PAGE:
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Moo-nuficent: France’s biggest celebrity is this gorgeous cow

February 26, 2020

“Her name could not be more appropriate,” says the website for the 2020 Paris International Agricultural Show: Idéale, a superb, sturdy six-year-old Charolais, has been selected to represent her breed and get top billing as this year’s mascot at the exhibition, which runs from February 22 through March 1.

The annual convention brings together farmers from all over France to celebrate the country’s rich bounty of agricultural products, from its wine and cheeses to its produce, its livestock; and, according to The New Yorker, its hot-tub vendors.

Every year, New York Magazine’s “The Cut” reports, the event chooses a bovine mascot that best embodies the wonders and opulence of the event, and whose picture gets plastered around the streets and subways of Paris. First, the breed is selected by the organizing committee. Then the president of the breeding organization for the winning breed chooses a specific cow as mascot. And this year, it’s Idéale. Idéale!

Idéale hails from Monts du Beaujolais in western France. She has, according to the show, “everything going for her.” Specifically, she has “a short head, a broad muzzle with nice sharp teeth, fine crescent-shaped horns which curve perfectly around towards her eyes (referred to as cabettes), a wide and muscular back, thick haunches, etc.”

In addition to her gorgeous sharp teeth and thick haunches, she has a sweet personality. She’s described as docile, maternal, and “she cannot hide her pleasure when being stroked.”

Last year’s mascot, Imminence, was a five-year-old Bleue du Nord, who also was a delightful ambassador, we’re sure. But who can compare to Idéale, really?

Research contact: @NYMagazine

Brooks Brothers joins with White House Historical Association to offer Presidential Collection

February 26, 2020

The White House Historical Association—a nonprofit founded in 1961 by First Lady Jacqueline Kennedy with a mission to protect, preserve, and provide public access to the rich history of America’s Executive Mansion—has just announced a first-ever collaboration with Brooks Brothers and a new collection of menswear accessories online and in  stores beginning February 25.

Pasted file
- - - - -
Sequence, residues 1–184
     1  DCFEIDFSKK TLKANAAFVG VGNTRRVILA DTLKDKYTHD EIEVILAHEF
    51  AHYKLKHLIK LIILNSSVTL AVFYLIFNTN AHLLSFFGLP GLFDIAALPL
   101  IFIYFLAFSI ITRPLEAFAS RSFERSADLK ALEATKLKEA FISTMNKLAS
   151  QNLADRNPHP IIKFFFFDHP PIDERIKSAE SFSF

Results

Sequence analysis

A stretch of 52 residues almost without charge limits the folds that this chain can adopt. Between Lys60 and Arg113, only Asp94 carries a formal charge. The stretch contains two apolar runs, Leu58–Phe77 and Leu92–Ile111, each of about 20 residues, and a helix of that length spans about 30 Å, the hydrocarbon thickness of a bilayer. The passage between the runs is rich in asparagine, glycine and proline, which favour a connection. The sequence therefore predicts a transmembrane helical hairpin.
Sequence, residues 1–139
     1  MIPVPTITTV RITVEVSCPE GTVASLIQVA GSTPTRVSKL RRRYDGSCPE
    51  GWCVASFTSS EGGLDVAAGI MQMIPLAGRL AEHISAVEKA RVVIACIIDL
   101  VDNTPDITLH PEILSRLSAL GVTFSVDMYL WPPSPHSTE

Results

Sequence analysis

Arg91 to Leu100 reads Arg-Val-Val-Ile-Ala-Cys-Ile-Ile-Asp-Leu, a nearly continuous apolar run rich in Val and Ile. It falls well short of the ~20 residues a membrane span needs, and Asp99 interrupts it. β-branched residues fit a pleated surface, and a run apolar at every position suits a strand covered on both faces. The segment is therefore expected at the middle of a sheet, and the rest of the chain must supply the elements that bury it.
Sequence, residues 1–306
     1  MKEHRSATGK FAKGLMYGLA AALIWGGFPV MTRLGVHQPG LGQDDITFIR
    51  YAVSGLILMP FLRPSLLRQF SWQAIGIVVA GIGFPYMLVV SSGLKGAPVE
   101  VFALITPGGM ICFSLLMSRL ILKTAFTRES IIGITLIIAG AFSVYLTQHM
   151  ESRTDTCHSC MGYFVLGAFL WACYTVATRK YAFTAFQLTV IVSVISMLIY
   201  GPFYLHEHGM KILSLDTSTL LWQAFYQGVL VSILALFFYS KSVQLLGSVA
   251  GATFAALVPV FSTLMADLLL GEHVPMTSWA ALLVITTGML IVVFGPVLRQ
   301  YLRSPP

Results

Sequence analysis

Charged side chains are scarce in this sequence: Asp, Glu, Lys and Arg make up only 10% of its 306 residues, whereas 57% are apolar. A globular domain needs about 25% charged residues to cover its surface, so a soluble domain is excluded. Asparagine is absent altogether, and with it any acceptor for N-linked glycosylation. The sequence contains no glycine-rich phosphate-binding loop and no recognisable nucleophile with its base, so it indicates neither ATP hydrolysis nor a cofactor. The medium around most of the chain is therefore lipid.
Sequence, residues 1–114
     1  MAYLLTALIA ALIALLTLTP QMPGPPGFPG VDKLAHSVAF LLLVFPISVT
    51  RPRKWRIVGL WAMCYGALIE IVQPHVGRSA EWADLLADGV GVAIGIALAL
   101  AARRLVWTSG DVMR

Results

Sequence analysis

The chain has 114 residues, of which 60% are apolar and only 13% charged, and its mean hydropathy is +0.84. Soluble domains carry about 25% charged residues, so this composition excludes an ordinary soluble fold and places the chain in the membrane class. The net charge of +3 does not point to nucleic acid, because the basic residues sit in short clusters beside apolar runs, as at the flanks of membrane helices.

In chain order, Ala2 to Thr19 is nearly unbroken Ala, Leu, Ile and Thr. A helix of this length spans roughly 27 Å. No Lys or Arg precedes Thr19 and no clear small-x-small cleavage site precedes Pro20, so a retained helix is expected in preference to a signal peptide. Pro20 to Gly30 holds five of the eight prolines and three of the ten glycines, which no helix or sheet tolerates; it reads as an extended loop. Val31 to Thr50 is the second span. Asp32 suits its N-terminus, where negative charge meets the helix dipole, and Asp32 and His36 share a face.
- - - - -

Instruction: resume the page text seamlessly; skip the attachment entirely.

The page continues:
The exclusive Presidential Collection features the Truman Presidential Seal on a pocket square; as well as a selection of red, blue and navy ties; a red double-sided bow tie; a blue double-sided bow tie; and a navy bow tie. All items are 100% silk and are made in the United States. The cost from $55 to $89.50.

The Truman Presidential Seal was established in 1945 when President Harry Truman issued Executive Order 9646 which officially defined the Presidential Coat of Arms and Seal for the first time. An eagle’s head—which originally faced right toward a bundle of 13 arrows held in its talons—was turned to face left toward the olive branch it held, symbolizing peace.

Brooks Brothers, established in 1818, is America’s oldest retail brand and has had the unique distinction of serving 40 American Presidents since its founding.

Items in this collection can be purchased online at shop.whitehousehistory.org; or at the White House Visitor Center at 1450 Pennsylvania Avenue, N.W.; or the White House History Shop at 1450 Pennsylvania Avenue, N.W.—both in Washington, D.C.

The White House Historical Association will continue its partnership with Brooks Brothers with additional exclusive collections introduced later this year.

Earlier this month, on February 17, the White House Historical Association announced the availability of the Official 2020 White House Christmas Ornament, commemorating President John F. Kennedy.

Research contact: @WhiteHouseHstry

Trump politicizes Supremes: Instructs Sotomayor, Ginsburg to recuse themselves from ‘his’ cases

February 26, 2020

President Donald Trump on Tuesday slammed Supreme Court Justices Sonia Sotomayor and Ruth Bader Ginsburg, saying both should recuse themselves from cases involving him or his administration, Politico reported.

His comments at a press conference in India — and previous tweets to the same effect —came after Sotomayor criticized the court’s conservative majority for granting a number of the administration’s emergency stay requests.

Most recently, on February 21, the Supreme Court had unveiled a 5-4 decision to allow the Trump Administration to deny entry or green cards to immigrants based on a “wealth test,” claiming that low-income immigrants were likely to become a “public charge” and use social programs such as food stamps or Medicaid, Rolling Stone reported.

In her dissenting comments on the case (Chad Wolf, Acting Secretary of Homeland Security, et. al, v. Cook County, Illinois, et. al.) Justice Sotomayor said the administration has too quickly gone to the Supreme Court to appeal unfavorable decisions made by lower courts, and that by taking the cases, the Supreme Court is “putting a thumb on the scale in favor of” the president.

“Claiming one emergency after another, the government has recently sought stays in an unprecedented number of cases, demanding immediate attention and consuming limited court resources in each,” Sotomayor wrote. “And with each successive application, of course, its cries of urgency ring increasingly hollow.”

“It is hard to say what is more troubling,” she added. “That the government would seek this extraordinary relief seemingly as a matter of course, or that the Court would grant it.”

“Perhaps most troublingly, the Court’s recent behavior on stay applications has benefited one litigant over all others,” Sotomayor wrote in the sharp opinion.

As he always does, the president clapped right back:  “She’s trying to shame people with perhaps a different view into voting her way, and that’s so inappropriate,” Trump said of Sotomayor to reporters.

The president also criticized Ginsburg for her comments during his 2016 campaign, when she called Trump a “faker” who “has no consistency about him” and “really has an ego” to CNN and told The New York Times that “I can’t imagine what the country would be with Donald Trump as our president.”